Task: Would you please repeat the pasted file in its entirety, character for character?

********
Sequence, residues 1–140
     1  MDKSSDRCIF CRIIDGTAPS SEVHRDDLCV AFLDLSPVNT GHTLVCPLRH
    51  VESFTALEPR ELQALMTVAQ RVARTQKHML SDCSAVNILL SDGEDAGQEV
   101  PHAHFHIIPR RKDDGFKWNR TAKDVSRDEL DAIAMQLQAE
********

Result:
Sequence, residues 1–140
     1  MDKSSDRCIF CRIIDGTAPS SEVHRDDLCV AFLDLSPVNT GHTLVCPLRH
    51  VESFTALEPR ELQALMTVAQ RVARTQKHML SDCSAVNILL SDGEDAGQEV
   101  PHAHFHIIPR RKDDGFKWNR TAKDVSRDEL DAIAMQLQAE